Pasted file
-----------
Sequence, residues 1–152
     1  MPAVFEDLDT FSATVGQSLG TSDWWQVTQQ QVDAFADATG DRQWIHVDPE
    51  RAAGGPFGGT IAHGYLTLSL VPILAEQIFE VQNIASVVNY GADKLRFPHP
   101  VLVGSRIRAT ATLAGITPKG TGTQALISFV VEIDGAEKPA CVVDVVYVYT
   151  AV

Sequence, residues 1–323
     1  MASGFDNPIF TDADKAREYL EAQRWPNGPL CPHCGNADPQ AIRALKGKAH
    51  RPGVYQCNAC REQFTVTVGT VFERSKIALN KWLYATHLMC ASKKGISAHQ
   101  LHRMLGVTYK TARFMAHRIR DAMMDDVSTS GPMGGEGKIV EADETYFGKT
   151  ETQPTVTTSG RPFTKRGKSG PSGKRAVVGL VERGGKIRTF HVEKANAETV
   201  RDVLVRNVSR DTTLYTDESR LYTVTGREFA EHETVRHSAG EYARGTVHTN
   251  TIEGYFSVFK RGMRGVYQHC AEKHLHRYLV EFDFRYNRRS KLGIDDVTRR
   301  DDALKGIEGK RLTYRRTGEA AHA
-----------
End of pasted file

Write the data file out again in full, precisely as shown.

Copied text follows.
Sequence, residues 1–152
     1  MPAVFEDLDT FSATVGQSLG TSDWWQVTQQ QVDAFADATG DRQWIHVDPE
    51  RAAGGPFGGT IAHGYLTLSL VPILAEQIFE VQNIASVVNY GADKLRFPHP
   101  VLVGSRIRAT ATLAGITPKG TGTQALISFV VEIDGAEKPA CVVDVVYVYT
   151  AV

Sequence, residues 1–323
     1  MASGFDNPIF TDADKAREYL EAQRWPNGPL CPHCGNADPQ AIRALKGKAH
    51  RPGVYQCNAC REQFTVTVGT VFERSKIALN KWLYATHLMC ASKKGISAHQ
   101  LHRMLGVTYK TARFMAHRIR DAMMDDVSTS GPMGGEGKIV EADETYFGKT
   151  ETQPTVTTSG RPFTKRGKSG PSGKRAVVGL VERGGKIRTF HVEKANAETV
   201  RDVLVRNVSR DTTLYTDESR LYTVTGREFA EHETVRHSAG EYARGTVHTN
   251  TIEGYFSVFK RGMRGVYQHC AEKHLHRYLV EFDFRYNRRS KLGIDDVTRR
   301  DDALKGIEGK RLTYRRTGEA AHA